Equity Office Memo: Vol. 5
November was Native American Heritage Month, a time to honor and appreciate the influence that Native American tradition and culture has had on our nation. When I speak to my Native American brothers and sisters, I empathize deeply with their healing process. What captivates me the most is their collective call for us to lean on the cultivation of humanity and the insertion of love into every single thing we do daily, habitually, and in life. The journey of indigenous people has been nothing short of heroic and powerful, as educators, students, parents, and community members, I encourage you to dive into the fabric of a race of people who are the pillars of land we currently roam.
Grades are out. We are still working through a pandemic that has brought out the best and worst in all of us. Many students have responded by exceeding expectations, and others have done the worst they have ever done in their entire academic career. I often ask myself what could I have done to improve that outcome for my kids in a world that asks educators to “do more” For that student who received an F because they didn’t want to be in school after 18 months…what can I do? For the student who became overwhelmed with that job after school and preferred to drop out…what can I do? For the high academic student who still struggles to maintain a standard they set high from themselves…..what can I do? For the teacher, who feels unsupported and overwhelmed…what are we doing to help? The school administrator who is holding things together by mere tissue matter…what is being done?? For the family who has little children, two jobs and things don’t add up…who will listen? The answer to all of these questions is “student achievement” because we care. So when we look at student failure, we must interrogate and identify what are the contributing factors and then work on the response. We can all respond. It is a shared responsibility. It’s not easy, but what I know about Everett is that the best work gets accomplished when situations are not easy.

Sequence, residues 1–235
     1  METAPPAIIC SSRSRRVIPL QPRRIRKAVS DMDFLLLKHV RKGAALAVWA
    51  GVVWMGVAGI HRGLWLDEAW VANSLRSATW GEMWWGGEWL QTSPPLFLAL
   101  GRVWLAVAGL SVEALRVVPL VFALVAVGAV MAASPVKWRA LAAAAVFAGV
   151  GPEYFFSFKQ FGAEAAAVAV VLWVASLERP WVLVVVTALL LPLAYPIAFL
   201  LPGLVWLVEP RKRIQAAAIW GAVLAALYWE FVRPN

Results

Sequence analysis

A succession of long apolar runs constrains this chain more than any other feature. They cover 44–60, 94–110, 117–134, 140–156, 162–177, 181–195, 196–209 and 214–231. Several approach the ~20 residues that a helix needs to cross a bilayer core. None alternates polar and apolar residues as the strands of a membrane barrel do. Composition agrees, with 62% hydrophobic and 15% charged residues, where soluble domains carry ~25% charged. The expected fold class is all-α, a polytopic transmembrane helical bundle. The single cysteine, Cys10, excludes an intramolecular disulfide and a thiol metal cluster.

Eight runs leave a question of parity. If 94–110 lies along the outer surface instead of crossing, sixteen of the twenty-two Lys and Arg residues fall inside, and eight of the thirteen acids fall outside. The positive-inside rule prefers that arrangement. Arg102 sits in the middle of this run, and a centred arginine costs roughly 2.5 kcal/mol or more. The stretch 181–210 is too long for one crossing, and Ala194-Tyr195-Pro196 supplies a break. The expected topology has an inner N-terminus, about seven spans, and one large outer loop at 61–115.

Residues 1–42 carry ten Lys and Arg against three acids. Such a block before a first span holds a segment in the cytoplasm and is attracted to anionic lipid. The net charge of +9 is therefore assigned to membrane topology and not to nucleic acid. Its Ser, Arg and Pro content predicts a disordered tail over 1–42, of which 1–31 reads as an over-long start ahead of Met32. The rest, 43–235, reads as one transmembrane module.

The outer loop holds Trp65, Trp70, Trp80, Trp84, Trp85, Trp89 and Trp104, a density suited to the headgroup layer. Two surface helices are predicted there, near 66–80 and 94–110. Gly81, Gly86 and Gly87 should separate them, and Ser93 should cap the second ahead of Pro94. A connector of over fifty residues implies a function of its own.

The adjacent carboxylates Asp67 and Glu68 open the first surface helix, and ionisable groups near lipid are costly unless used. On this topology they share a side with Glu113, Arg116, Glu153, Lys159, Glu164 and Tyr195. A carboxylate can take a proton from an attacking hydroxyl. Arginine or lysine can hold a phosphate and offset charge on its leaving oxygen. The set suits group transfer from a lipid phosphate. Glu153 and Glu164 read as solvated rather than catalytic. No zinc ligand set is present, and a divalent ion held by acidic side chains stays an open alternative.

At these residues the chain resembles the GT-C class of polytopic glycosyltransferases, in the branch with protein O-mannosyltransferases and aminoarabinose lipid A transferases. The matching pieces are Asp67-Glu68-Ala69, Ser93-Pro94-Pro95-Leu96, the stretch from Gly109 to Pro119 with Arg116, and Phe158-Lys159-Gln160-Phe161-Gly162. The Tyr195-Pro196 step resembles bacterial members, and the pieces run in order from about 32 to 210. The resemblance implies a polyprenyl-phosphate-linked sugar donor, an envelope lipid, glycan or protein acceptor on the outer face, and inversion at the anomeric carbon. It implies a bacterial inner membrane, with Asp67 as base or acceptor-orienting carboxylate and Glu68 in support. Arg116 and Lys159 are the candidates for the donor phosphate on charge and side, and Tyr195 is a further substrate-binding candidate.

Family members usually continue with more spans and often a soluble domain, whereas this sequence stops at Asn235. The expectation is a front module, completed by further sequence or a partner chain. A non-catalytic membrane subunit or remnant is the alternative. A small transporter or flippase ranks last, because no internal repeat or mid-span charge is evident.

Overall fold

Native American Discussion Panel
We were fortunate to be joined by some esteemed members of the Native American community for a special panel discussion on Native American Culture, History, Tradition and Influence. The event gave us a great opportunity to recognize and honor the influence and contributions of Native Americans and many of the indigenous diaspora to the world we live in today.
The Everett Public Schools Partners with DUET
& Southern New Hampshire University
December Cultural & Religious Reminders
December 1 - WORLD AIDS DAY
International day of action on HIV and AIDS
December 3 — INTERNATIONAL DAY OF PERSONS WITH DISABILITIES
Raises awareness about persons with disabilities in order to improve their lives and provide them with equal opportunity
December 8 — BODHI DAY (Buddhist)
Also known as Rohatsu, Bodhi Day commemorates the day that the Buddha, Siddharta Gautama, experienced enlightenment or spiritual awakening (bodhi). Celebrated on the eighth day either in December or the 12th month of the lunar calendar.
December 10 — HUMAN RIGHTS DAY
On this day in 1948, the United Nations General Assembly adopted the Universal Declaration of Human Rights.
December 12 OUR LADY OF GUADALUPE • Christian
Celebrates the apparition of the Blessed Virgin Mary (by her title, Our Lady of Guadalupe, the Patroness of Mexico and the Americas) before Juan Diego, an indigenous convert to Roman Catholicism, on the Mexican hill of Tepeyac in 1531
December 15 BILL OF RIGHTS DAY
Commemorates the signing into law of the ten original amendments of the United States Constitution in 1791
December 21 WINTER SOLSTICE
Marks the first day of the season of winter. The length of time between sunrise and sunset is the shortest of the year with the sun shining closest to the Southern Hemisphere and the farthest from the Northern Hemisphere.
December 24 CHRISTMAS EVE • Christian
Celebration of the arrival of Mary and Joseph in Bethlehem for the birth of Jesus
December 25 CHRISTMAS • Western Christian
Commemorates the birth of Jesus
December 26 2021–January 1, 2022 KWANZAA
A seven-day celebration honoring African American heritage and its continued vitality. “Kwanzaa” means “first fruits (of the harvest)” in Swahili